In a Shutdown, IRS Will Take Your Money, but Give No Refunds


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A prolonged government shutdown would likely delay billions of dollars in income-tax refunds.

The Internal Revenue Service is one of the agencies that now lacks funding, and the U.S. tax collector has been operating with about 1 in 8 employees under the shutdown plan it uses outside the tax-filing season.

During a shutdown, the IRS can continue activities that protect government property, and the agency may bring in more workers soon to prepare for the income-tax filing season. Even during a shutdown, the agency still processes some tax returns that include payments, keeps computer systems running and continues criminal investigations. But the IRS generally doesn’t conduct audits, respond to taxpayer questions outside the filing season or—brace yourself—pay refunds.

A shutdown that gets resolved within a few weeks would have little ultimate effect on taxpayers, but lawmakers have made little or no movement toward a deal. That stalemate raises the prospect of an unprecedented extended closure during the individual income-tax filing season, which typically starts in mid-to-late January. The IRS hasn’t announced a start date yet for the 2019 filing season, the first under the tax law that Congress passed in 2017.

“We’re in uncharted territory as each day gets longer,” said Mark Steber, chief tax officer at Jackson Hewitt Tax Service Inc.

If the shutdown drags on, early filers won’t receive the refunds they’re expecting, a gap that could put pressure on congressional negotiators and President Trump to reach a deal.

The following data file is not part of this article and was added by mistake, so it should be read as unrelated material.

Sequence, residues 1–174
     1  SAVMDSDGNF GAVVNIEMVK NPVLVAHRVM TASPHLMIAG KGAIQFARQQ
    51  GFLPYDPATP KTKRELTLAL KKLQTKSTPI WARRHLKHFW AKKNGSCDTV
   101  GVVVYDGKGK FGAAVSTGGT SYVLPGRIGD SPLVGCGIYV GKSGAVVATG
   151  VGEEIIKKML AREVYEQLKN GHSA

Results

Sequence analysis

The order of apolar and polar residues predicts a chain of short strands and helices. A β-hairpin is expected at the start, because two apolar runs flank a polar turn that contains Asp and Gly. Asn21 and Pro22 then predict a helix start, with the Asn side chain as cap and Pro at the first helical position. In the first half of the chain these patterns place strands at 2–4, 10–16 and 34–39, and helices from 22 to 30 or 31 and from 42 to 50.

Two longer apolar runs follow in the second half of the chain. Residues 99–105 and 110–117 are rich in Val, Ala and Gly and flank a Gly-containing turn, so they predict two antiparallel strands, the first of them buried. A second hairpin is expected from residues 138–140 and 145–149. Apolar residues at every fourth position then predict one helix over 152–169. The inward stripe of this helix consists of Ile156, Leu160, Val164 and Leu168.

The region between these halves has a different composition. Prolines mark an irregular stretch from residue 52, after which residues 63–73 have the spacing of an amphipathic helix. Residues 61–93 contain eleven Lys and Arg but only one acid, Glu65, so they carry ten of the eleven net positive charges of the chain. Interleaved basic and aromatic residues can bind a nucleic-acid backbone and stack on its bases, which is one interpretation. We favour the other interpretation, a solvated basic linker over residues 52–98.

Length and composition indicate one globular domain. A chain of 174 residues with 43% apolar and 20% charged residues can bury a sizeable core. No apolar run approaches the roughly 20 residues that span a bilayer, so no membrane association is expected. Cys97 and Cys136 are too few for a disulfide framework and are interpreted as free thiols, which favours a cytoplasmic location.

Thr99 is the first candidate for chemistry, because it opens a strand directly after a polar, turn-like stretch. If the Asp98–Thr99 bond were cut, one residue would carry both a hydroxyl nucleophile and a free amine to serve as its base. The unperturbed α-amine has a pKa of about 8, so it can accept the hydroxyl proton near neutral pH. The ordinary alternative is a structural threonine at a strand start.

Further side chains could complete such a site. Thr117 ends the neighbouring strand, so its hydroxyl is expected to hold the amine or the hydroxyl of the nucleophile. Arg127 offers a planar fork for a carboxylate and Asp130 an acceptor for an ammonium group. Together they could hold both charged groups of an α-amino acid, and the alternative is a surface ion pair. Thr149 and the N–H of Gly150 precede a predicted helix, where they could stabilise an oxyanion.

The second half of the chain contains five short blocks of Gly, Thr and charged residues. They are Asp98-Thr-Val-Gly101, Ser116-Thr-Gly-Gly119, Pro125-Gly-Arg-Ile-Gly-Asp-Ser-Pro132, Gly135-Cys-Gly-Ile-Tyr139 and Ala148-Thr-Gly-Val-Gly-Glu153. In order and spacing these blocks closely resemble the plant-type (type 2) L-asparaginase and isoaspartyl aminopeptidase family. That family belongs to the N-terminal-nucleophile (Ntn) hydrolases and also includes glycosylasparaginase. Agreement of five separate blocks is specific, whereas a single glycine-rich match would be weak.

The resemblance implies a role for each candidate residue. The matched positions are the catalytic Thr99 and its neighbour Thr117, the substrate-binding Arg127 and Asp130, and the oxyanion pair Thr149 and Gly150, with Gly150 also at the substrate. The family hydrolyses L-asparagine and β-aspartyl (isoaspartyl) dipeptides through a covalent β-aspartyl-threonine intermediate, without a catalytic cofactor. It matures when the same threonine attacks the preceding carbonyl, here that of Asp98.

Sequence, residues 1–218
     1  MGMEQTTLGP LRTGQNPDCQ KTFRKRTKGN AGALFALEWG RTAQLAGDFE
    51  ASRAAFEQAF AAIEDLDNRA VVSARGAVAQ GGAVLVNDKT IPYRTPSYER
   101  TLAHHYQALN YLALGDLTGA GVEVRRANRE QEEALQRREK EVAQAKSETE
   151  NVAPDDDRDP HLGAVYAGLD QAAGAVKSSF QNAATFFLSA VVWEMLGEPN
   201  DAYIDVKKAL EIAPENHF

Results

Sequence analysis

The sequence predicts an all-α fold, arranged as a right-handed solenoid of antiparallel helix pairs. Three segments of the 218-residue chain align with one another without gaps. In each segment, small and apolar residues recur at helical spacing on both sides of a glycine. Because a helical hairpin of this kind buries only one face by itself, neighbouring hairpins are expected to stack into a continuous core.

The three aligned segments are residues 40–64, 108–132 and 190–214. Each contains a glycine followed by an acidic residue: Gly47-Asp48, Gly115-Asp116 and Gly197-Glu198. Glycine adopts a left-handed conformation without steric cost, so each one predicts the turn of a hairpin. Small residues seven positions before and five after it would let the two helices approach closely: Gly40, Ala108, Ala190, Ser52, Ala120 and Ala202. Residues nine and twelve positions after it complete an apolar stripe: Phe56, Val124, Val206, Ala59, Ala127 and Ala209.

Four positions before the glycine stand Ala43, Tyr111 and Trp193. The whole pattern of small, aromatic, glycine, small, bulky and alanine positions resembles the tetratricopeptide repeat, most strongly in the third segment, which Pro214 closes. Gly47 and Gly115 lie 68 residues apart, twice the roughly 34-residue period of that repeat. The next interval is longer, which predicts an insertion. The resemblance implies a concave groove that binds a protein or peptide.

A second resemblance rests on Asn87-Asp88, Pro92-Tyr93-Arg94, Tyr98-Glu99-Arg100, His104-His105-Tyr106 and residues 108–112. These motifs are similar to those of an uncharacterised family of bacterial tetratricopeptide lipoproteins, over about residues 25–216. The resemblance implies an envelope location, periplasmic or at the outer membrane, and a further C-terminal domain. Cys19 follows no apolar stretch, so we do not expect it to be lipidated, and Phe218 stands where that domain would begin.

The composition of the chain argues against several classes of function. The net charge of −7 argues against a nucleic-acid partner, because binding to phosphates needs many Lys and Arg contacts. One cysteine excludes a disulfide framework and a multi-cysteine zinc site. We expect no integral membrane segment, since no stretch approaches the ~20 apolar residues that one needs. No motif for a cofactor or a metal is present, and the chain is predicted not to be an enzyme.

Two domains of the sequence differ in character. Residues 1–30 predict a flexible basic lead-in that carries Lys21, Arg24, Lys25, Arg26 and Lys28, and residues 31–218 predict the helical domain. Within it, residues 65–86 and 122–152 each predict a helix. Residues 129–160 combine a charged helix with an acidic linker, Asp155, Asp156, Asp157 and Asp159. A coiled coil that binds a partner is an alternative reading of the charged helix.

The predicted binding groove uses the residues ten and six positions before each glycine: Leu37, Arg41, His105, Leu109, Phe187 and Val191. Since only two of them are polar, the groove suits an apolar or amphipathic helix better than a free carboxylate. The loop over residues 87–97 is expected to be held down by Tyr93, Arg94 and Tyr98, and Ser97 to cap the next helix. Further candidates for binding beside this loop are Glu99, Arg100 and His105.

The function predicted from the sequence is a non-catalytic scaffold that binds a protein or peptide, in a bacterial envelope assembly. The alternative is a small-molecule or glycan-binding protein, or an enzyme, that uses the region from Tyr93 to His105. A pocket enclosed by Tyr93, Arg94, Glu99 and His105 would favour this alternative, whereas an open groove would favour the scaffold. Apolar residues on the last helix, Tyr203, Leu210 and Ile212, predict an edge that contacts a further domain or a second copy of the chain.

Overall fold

By Feb. 2, 2018, the IRS had paid $12.6 billion in refunds to more than six million households. By Feb. 16, the IRS had paid $101.2 billion to nearly 32 million households. And by March 30, the IRS had paid $212 billion to 73 million households.

For many Americans, the tax refund is the single largest financial event of the year, and the people who tend to file early in the season are taxpayers who count on large refunds to pay down debt, catch up on bills or make major purchases. Those are disproportionately low-income households that benefit from the earned-income tax credit and other provisions that give them no income-tax liability or a net benefit from the income-tax system.

In turn, retailers count on those households spending their refunds in February. People who tend to owe additional taxes typically wait until near the mid-April deadline.

“Wealthier filers generally have more sophisticated returns and file later so they should not be affected as much” by an early season shutdown, said Floyd Williams, a former IRS director of legislative affairs.

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In the meantime, taxpayers may face more difficulty getting answers out of the IRS because the agency doesn’t respond to taxpayer questions outside the filing season. The government may add people back to staff its toll-free phone lines once filing season starts, though it hasn’t provided details yet.

“The commissioner’s going to have to make a call: What does this mean for the beginning of the filing season?” said Mark Mazur, who was the top Treasury tax-policy official under President Barack Obama.

During this first part of the shutdown, just 12.5% of the IRS’s nearly 80,000 employees were considered exempt from furloughs. In early 2018, in preparation for potential shutdowns during the filing season, the IRS contingency plan made 43.5% of the agency’s workforce exempt, suggesting many more staffers will return to work as filing season begins.

In addition, the agency received some two-year appropriations to implement the new tax law, so some activities related to the new law have been continuing, including updating technology and publications.

The upcoming filing season was already going to be challenging for the IRS because the tax-law changes affect the forms and rules for individual filers, which was likely to cause more questions and more calls than usual.

“You worry about the filing season because of the tax-law changes anyway. So there’s no way that a shutdown is helpful,” said Steven Miller, a former acting IRS commissioner. “The risk was already high as to whether the service could already get done what the service needed to get done with the paltry resources they already have.”

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